Green Tea Bibimbap, Naengmyeong, Ice Cream…

By greenteapanda

May 8, 2008

Category: Food and drink


In the area around Boseong, many dishes have green tea added to them. When you pass the gates of the tea fields, you are sure to find some green tea ice cream. There isn’t anything special about this particular green tea ice cream, and the centre is empty. Not a great value at 1,500 won.
The second Daehan tea field sells green tea mung bean buns. Supposedly 3,000 won for four, they gave me five. This made me feel like I was getting my money’s worth.
As far as proper meal food goes, the restaurants serving food inside and outside of the tea fields appear to have similar menus. They all have green tea bibimbap, for instance. The preparation is quite different though. Inside the first tea field, a restaurant serves green tea bibimbap and green tea naengmyeon amongst other things. I didn’t even need to ask for them to be made vegetarian – they came without meat. The bibimbap was green tea on account of the way the rice was cooked. The broth of the naengmyeon had green tea added to it.
Outside, the style of bibimbap was quite different. No green tea flavouring in the rice itself, but tea leaves appeared to be in the mixture of vegetables I would stir the rice into. The side dishes were more generous. Rather than water, I got a pitcher of average quality green tea. I also bought a cup of a more expensive kind of green tea, though there were not enough leaves to make the flavour strong, even after letting it seep for a long time.
I also took home quite a bit of green tea. If you go bargain hunting in Insadong in Seoul, you pay about a third more than you’d pay in Boseong. In other words, not worth it if you are just buying 1 or 2 boxes combined with the cost of bus tickets (nearly 30,000 won each way). Unfortunately, to get the good tea, even in Boseong I have to purchase all the excess packaging as well. In addition to the high quality teas, I got green tea seed oil. It is apparently good to put on salads. It has a burning point double that of olive oil, but given how much it costs, I wouldn’t fry with it on a regular basis. Finally, the last item in the pictures below is green tea chunggukjang, a fermented bean powder very similar to Japanese natto in flavour and health benefits.

2 Responses to “Green Tea Bibimbap, Naengmyeong, Ice Cream…”

  1. Oishii-looking food! I am so lucky that my girlfriend can cook so well, and she takes so much pride in cooking. She keeps a thick, three-ringed binder with all sorts of recipes she comes across from any number of sources, and she then goes out to get the ingredients and cooks the food. The outcome is good food that is generally more fun, cheaper, and cleaner than restaurant food. I help her make it, but I really want to improve my kitchen skills at some point [nevermind that guys who cook seem sexy]. 🙂 I bet there is some pretty good green tea ice cream there in SK. The Haagen-Daz green tea ice cream here is bland…no matcha taste at all!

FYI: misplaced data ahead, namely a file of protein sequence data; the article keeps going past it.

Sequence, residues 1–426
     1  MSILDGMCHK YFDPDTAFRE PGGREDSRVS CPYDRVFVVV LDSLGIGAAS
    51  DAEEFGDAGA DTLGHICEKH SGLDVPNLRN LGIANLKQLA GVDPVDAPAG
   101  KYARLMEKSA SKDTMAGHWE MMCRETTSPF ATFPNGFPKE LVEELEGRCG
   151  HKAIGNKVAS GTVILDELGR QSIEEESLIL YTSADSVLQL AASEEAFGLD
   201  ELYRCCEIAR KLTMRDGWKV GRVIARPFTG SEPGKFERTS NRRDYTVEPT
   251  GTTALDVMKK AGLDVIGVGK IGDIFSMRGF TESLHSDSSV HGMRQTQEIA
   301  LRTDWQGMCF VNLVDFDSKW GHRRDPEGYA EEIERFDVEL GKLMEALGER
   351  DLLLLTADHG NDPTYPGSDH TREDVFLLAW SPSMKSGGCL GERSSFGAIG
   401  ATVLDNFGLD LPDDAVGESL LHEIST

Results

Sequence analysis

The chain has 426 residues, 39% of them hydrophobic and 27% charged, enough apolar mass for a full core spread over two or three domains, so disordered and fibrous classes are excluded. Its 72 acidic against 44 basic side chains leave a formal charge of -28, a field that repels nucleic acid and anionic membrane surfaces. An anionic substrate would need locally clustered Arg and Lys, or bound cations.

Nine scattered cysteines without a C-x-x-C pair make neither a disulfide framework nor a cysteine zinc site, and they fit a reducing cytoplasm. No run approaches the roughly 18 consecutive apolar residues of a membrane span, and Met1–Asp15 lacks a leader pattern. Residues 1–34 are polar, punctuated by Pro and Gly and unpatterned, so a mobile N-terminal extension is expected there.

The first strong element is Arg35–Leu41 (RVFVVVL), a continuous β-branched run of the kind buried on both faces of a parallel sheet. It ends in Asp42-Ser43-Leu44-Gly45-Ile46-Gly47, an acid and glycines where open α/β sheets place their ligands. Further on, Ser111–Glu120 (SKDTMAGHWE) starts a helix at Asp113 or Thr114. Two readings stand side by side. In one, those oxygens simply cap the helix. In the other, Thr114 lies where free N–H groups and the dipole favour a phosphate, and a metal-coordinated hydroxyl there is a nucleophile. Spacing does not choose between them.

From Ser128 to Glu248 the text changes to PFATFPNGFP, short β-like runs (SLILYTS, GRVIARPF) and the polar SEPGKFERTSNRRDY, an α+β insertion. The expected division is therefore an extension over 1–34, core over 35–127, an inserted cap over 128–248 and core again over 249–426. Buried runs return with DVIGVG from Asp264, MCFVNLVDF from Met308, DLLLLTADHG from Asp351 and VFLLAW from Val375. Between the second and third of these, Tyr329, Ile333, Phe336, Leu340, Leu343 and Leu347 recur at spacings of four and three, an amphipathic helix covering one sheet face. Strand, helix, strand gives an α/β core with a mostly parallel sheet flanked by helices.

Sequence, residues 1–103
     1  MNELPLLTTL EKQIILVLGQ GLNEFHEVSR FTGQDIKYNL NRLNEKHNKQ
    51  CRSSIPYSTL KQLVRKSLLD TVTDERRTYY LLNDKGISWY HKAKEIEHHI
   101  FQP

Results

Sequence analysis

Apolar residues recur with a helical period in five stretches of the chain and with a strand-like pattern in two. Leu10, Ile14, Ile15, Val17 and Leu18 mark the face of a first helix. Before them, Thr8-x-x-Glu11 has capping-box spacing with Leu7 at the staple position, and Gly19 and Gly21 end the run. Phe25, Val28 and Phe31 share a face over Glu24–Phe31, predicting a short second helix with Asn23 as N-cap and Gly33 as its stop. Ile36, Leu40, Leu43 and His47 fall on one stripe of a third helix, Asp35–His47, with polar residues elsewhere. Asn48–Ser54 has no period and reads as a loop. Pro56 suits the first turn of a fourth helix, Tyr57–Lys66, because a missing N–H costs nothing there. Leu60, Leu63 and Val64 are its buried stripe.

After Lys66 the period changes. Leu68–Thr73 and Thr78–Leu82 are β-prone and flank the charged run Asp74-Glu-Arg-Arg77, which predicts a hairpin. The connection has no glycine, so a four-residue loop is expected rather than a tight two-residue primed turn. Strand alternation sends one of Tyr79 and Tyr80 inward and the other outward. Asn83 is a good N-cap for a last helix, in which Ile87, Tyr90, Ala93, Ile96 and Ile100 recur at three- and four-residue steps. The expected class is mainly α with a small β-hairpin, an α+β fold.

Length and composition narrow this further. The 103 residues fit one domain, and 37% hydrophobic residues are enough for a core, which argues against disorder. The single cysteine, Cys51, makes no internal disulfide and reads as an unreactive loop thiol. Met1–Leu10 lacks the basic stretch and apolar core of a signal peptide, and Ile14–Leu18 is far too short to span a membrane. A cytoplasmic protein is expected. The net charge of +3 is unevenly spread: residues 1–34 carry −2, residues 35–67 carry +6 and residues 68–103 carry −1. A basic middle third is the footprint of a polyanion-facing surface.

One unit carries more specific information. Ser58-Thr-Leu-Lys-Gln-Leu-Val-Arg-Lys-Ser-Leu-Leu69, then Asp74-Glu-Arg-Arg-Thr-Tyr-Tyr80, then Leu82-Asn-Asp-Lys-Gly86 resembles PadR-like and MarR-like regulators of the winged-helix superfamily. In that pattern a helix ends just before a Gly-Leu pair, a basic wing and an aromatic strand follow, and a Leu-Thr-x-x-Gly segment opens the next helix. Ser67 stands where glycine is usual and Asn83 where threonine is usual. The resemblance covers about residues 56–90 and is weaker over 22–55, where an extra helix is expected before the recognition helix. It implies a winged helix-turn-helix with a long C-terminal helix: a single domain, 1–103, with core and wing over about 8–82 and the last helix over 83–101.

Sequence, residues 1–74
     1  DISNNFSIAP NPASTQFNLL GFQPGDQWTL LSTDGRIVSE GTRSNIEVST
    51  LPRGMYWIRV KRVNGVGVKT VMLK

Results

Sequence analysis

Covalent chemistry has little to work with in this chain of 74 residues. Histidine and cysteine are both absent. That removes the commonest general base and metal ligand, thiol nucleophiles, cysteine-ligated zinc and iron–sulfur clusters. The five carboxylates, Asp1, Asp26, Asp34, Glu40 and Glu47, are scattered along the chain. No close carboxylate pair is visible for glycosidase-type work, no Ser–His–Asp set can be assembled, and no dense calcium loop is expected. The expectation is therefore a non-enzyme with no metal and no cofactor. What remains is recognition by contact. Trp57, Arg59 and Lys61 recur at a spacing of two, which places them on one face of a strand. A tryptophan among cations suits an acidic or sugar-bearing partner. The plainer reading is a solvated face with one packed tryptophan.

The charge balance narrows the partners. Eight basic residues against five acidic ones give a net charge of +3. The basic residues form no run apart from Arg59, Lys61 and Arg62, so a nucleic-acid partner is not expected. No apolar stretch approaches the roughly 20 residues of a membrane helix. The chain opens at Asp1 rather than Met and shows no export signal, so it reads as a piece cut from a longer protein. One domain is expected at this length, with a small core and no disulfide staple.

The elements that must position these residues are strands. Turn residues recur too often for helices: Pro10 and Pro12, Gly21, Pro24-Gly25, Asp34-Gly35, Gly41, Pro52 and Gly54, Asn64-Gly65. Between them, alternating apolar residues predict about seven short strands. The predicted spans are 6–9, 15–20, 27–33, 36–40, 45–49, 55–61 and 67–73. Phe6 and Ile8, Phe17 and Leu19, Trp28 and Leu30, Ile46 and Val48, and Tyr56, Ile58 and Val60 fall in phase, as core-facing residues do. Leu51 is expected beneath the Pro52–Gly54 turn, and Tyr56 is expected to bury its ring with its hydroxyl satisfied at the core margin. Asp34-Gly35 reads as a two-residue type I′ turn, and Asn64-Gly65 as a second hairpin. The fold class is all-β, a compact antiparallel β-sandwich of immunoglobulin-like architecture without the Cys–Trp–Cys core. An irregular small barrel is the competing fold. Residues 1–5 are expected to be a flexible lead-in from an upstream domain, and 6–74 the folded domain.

2. You are lucky New York has so many dollar stores to get a wide variety of foods. Here to keep costs down, my food variety is somewhat lacking.
    Good idea about the binder. Perhaps I should suggest that approach to some people I know out here, who are afraid of becoming good cooks. On the other hand, in most Chinese families I know of, the husband cooks. The wife usually doesn\’t cook, especially in dual income families.
    BTW, the flavour of matcha is not particularly strong, and very hard to bring out in most foods. You would need to eat it with other bland foods like bananas to notice the flavour. If you want strong green tea flavour, you should brew yourself a strong cup of tea. There is really no other way. Most people here don\’t seem to like tea to be too strong, since it will deprive them of nutrients like iron and cause minerals to clump up in their body. The clumps disintegrate if you stop drinking tea for awhile, so I have experienced this side effect myself.

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